Poland still attractive in the eyes of investors. An Interview with Paweł Kurtasz, President of the Management Board of the Polish Investment and Trade Agency

Poland still attractive in the eyes of investors. An Interview with Paweł Kurtasz, President of the Management Board of the Polish Investment and Trade Agency

Which sectors in Poland are currently the ones foreign investors are most interested in?

The interest of foreign investors is quite wide and diverse, which comes from the specificity of the Polish market and its unflagging attractiveness in terms of many industries, which we generally classify as manufacturing and services. As part of service projects, the most popular is the modern business services industry – BSS, including shared service centres, IT centres, BPO centres and research and development centres. For foreign corporate investors, Poland is a strategically located country, with qualified and multilingual staff, from where they can provide services to their customers and contractors located in different time zones. There are already 1,700 such centres in Poland, employing over 430,000 people.

Currently, PAIH is running 46 BSS projects.

Does the Polish State have any special incentives for foreign investors willing to invest in Poland?

New investments in production, services and research and development can count on support under Regional State Aid, which includes CIT exemption for a maximum period of 15 years and Government grants for new investments of significant importance to the Polish economy. Both forms of support are available throughout the country, with the exception of Warsaw. The first one is granted by Special Economic Zones, while the second one, in the form of a subsidy, is granted by the Minister responsible for the economy on the basis of the Programme for the Support of Investments of Significant Importance to the Polish Economy for the years 2011-2030.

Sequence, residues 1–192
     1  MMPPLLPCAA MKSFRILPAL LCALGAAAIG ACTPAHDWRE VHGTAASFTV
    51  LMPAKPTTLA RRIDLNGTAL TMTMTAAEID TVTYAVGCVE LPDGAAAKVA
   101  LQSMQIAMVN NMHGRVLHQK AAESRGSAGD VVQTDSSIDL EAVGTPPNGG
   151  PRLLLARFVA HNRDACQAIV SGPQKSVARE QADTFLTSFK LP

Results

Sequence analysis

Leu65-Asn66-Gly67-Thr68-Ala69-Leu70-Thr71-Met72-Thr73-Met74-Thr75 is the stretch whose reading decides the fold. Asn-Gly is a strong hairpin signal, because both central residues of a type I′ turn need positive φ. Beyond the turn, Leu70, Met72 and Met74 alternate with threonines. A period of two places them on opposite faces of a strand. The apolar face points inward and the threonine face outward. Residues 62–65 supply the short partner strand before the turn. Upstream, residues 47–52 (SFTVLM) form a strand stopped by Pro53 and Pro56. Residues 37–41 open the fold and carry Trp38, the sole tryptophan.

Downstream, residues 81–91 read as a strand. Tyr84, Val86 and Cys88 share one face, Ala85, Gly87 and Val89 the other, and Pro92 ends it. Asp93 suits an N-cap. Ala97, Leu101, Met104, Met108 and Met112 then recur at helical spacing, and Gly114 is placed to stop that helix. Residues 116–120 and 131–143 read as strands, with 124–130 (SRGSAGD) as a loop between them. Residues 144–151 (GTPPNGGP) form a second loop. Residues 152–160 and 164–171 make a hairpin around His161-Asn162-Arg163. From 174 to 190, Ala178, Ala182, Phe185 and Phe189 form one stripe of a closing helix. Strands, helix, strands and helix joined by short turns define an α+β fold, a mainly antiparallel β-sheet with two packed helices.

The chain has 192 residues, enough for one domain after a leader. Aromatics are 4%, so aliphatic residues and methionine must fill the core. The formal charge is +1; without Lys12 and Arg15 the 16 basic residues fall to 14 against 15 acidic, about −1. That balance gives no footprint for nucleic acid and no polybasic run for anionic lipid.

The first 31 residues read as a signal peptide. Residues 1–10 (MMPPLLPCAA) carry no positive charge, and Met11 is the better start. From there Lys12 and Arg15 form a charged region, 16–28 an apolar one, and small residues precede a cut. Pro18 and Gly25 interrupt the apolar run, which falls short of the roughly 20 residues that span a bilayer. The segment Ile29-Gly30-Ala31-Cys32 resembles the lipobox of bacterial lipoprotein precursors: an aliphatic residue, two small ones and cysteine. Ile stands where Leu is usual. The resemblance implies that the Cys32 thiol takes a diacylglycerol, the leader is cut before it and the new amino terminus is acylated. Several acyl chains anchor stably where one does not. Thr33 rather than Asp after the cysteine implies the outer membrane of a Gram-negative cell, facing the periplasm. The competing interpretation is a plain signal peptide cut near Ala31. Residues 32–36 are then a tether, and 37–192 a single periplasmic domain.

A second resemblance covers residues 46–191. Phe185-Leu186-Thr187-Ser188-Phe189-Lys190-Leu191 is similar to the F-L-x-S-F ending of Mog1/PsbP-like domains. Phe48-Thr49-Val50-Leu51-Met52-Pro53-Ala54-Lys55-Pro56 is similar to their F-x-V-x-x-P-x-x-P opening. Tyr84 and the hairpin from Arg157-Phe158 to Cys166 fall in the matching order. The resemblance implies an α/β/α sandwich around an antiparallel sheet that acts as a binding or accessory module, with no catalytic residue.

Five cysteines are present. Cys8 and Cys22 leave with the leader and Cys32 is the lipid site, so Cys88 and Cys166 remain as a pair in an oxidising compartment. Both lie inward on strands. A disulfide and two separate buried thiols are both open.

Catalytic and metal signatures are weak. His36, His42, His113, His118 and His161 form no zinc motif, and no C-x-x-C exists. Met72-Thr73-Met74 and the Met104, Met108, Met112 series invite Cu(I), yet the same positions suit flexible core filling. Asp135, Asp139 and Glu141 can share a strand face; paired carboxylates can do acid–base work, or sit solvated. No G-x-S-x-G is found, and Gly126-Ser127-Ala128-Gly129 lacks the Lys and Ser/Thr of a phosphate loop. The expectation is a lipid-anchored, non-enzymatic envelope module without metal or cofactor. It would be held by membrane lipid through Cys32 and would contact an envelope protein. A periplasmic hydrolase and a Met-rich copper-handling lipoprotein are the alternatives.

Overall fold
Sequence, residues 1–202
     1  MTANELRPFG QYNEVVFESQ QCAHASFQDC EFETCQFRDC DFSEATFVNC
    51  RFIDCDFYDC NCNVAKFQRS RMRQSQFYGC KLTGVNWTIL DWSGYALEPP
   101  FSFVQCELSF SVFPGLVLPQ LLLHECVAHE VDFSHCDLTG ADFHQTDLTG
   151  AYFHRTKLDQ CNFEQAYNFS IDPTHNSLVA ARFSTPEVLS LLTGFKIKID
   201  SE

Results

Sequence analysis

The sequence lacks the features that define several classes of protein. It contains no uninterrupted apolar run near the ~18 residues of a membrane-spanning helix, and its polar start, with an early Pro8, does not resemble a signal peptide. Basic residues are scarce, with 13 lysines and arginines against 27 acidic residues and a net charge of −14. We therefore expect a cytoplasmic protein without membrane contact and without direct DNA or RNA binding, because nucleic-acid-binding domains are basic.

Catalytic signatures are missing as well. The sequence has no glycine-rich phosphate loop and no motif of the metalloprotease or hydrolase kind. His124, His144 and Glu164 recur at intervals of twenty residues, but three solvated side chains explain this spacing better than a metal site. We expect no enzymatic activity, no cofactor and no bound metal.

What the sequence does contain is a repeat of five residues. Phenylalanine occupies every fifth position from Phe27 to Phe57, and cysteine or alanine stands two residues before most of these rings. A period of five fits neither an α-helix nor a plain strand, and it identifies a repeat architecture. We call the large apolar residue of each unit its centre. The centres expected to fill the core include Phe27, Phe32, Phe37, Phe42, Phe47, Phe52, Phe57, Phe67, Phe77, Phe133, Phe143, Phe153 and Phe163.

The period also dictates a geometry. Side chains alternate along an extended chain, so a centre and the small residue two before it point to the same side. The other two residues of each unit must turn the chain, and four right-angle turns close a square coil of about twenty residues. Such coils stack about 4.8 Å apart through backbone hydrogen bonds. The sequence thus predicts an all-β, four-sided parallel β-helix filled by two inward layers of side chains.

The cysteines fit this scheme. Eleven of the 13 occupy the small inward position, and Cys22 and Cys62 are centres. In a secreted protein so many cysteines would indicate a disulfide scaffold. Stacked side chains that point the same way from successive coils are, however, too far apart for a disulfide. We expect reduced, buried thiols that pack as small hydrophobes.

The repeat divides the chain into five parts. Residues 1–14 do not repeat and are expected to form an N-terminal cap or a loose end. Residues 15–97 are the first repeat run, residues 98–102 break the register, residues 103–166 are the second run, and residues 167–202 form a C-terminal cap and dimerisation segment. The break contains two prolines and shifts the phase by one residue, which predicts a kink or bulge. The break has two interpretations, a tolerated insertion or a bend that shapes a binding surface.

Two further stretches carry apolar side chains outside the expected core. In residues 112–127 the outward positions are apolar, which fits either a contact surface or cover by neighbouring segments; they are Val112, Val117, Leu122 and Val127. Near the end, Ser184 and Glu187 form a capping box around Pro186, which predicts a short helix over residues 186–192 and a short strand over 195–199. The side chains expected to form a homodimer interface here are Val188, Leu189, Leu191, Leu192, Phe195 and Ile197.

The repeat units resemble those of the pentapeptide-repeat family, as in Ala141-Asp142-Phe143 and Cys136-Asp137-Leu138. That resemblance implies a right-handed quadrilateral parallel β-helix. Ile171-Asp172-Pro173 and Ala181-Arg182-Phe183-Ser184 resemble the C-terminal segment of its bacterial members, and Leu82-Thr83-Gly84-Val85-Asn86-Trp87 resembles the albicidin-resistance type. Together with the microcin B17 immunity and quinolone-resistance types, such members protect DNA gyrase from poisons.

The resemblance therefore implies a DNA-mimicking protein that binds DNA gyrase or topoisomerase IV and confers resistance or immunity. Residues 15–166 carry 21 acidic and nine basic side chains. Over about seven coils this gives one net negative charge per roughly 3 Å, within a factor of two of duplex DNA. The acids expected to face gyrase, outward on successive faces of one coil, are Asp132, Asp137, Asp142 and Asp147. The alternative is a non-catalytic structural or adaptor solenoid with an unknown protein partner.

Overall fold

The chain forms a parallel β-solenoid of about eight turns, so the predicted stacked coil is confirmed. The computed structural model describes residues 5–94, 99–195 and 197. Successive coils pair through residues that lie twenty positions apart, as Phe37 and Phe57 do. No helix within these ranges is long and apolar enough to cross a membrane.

It should be emphasized that the Polish Investment and Trade Agency offers investors comprehensive information and advisory support in handling projects from the very beginning, from the moment of making the location decision, through all phases of implementation, and even after the project is completed.

How does PAIH help Polish companies expand into foreign markets?

A key aspect of foreign expansion is to build a well-thought-out export strategy for the company, which can be facilitated by training courses offered by PAIH (such as the ABC of Export) or materials available on our website. Building an export strategy is about confronting the strengths and weaknesses of the company with the characteristics of the target market and is a foundation that becomes invaluable in the subsequent stages of preparation for entering a foreign market. When making a decision to enter a specific market, our Foreign Trade Offices are an invaluable help, as they are able to advise entrepreneurs on the optimal way to start foreign expansion, as well as help with the export strategy, for example, advise whether the strengths of the company will be the same in the new market, and whether the weaknesses will be equally obstructive to development.

Do you see any obstacles to the development of foreign investments in Poland in the near future?

A high risk for investors these days is related to geopolitical instability and interruptions in supply chains. So far, Poland has been doing well in attracting investments, despite the ongoing war in neighbouring Ukraine. Nevertheless, geopolitical turmoil and conflicts, if exacerbated, could scare off potential investors.

Do you think that the market is developing well enough that it is possible to successively introduce Polish companies to new foreign territories?